The Goldendale Sentinel - Headlines & History since 1879

By Jim Miller
For The Sentinel 

What's in the Sky

 

June brings the summer solstice and the start of summer. This year June will also bring the closest approach of the planet Jupiter, a conjunction of the planets Mercury and Mars and the first appearance this year of Saturn in the evening sky. Yes, darkness comes late, but nights are warmer, and we usually have more clear nights. A good month to enjoy the night skies!

Yes, Jupiter is becoming prominent in the evening sky. It will reach "opposition," when it is opposite the Sun in our sky, and closest to Earth-on the 10th. On the 10th it will rise at about sunset and be highest in the sky at about 1 a.m. (midnight if we were not on Daylight Savings Time). Even though it will be closest at that time, later in the month will be better for viewing Jupiter. The planet will appear just a tiny bit smaller, but will rise earlier, and be in a good position to view earlier in the evening. By the end of the month, Jupiter will rise at about 7:30 p.m. and be highest at about 11:30 p.m. Jupiter's four largest moons are visible in a telescope, and even in binoculars, and it can be fun to try and spot them. Their positions near Jupiter change nightly, as they orbit the planet. A telescope also reveals the atmospheric bands on the planet, and even the elusive red spot. Jupiter will be easy to spot, as the brightest object (other than the Moon) in the southern sky.

Mid-June is a good time to catch our innermost planet, Mercury, and a conjunction between Mercury and Mars. A conjunction is simply when two celestial bodies appear close together from our viewpoint. You will have to look low in the west right after sunset. Start looking around June 10. Mercury will be in the west-northwest, about 10 degrees above the horizon at sunset. Your clenched fist, held at arm's length, covers about 10 degrees. A pair of binoculars should help locate Mercury, especially right after sunset. Mars will be above and to the left of Mercury, and not as bright. If you watch them on subsequent nights, they'll grow closer together, with closest approach on the 17th and 18th. Although they appear close together, Mars is actually about 2 ½ times as far from us as Mercury.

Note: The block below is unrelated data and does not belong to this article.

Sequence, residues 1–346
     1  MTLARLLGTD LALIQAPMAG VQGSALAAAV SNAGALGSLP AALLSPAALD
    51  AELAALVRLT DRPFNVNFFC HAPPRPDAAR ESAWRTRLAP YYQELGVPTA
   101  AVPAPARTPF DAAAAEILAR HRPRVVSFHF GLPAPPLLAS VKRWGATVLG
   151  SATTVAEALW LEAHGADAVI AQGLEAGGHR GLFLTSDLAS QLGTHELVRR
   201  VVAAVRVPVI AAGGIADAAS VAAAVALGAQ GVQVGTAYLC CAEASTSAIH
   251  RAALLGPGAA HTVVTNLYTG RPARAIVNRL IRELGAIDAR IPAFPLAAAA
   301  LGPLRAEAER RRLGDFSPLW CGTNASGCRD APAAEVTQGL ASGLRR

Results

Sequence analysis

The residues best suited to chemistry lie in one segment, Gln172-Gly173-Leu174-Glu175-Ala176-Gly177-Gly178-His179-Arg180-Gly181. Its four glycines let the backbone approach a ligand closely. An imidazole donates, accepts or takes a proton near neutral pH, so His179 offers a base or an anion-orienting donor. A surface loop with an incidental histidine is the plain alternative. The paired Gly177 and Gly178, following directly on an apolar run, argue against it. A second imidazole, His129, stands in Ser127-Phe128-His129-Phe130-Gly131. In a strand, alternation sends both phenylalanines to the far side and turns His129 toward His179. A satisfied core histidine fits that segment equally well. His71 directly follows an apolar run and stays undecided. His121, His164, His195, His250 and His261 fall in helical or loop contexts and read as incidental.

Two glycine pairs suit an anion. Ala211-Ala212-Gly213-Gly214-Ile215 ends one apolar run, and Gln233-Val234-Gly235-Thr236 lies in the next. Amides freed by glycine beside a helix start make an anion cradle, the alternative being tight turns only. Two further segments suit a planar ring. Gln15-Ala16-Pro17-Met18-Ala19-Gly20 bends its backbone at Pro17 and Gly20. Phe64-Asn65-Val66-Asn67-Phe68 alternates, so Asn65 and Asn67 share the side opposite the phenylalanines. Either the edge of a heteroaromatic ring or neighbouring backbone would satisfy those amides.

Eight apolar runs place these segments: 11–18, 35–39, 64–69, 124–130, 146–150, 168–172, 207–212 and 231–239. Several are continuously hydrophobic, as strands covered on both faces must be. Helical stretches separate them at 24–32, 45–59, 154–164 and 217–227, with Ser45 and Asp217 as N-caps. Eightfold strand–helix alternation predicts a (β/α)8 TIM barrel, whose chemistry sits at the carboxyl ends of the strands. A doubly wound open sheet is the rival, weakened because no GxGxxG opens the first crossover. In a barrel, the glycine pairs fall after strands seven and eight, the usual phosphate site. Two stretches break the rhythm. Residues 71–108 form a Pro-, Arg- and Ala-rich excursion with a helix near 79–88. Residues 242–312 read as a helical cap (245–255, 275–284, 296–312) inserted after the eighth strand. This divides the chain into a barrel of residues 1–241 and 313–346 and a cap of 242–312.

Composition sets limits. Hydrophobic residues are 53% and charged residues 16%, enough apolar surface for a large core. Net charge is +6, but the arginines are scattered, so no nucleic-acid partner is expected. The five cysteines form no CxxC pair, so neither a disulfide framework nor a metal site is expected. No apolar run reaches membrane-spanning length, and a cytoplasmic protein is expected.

Our Moon will be new on June 3, with full Moon following on the 17th of the month. The bright, nearly full Moon will be near Jupiter on the 15th and 16th, and near Saturn on the 18th.

The ringed planet Saturn is just starting to appear in the evening sky. Look for it low in the southeastern sky in the second half of the month. Saturn rises around midnight in early June, and will rise at about 9:30pm at the end of the month. Better viewing will come in July and August.

On June 23 it will be about as far from the Sun as it gets, and will be visible low in the western sky after sunset.

Summer constellations are starting to peek above the eastern horizon on June evenings. Look for the bright star Vega, about half-way up in the eastern sky. Vega is the brightest star in the small constellation Lyra. Just below Vega, find the Northern Cross (Cygnus the Swan) and the summer Milky Way. More about them in the next couple of months.

 

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